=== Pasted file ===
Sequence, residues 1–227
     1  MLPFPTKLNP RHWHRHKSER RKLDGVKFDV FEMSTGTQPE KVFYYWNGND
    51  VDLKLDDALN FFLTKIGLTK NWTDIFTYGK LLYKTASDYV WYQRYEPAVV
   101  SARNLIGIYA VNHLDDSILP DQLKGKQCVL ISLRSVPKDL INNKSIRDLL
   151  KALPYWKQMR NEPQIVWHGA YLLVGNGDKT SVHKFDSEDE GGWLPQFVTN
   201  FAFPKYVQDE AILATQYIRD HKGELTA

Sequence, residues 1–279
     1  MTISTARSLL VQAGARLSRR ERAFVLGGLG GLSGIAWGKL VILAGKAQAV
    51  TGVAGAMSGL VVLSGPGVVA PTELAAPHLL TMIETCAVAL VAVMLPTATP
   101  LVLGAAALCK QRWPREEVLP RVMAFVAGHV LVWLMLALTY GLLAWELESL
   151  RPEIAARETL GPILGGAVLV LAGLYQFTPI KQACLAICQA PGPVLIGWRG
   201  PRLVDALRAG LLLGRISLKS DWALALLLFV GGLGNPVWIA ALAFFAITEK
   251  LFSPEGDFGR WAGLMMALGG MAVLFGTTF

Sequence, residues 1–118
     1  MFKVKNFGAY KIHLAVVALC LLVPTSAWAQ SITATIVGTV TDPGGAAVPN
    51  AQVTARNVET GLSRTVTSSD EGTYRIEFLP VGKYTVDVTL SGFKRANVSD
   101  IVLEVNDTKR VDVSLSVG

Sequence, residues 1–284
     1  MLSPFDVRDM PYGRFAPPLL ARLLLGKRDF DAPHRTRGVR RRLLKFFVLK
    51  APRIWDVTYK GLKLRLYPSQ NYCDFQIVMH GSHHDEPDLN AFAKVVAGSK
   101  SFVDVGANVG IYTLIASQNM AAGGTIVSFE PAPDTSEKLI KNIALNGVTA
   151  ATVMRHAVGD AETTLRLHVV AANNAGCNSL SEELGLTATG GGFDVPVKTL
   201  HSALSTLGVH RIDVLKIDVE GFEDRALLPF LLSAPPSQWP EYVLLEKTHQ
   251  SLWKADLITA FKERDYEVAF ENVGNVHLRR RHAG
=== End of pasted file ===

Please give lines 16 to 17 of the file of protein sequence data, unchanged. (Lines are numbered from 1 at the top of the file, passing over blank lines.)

    51  AQVTARNVET GLSRTVTSSD EGTYRIEFLP VGKYTVDVTL SGFKRANVSD
   101  IVLEVNDTKR VDVSLSVG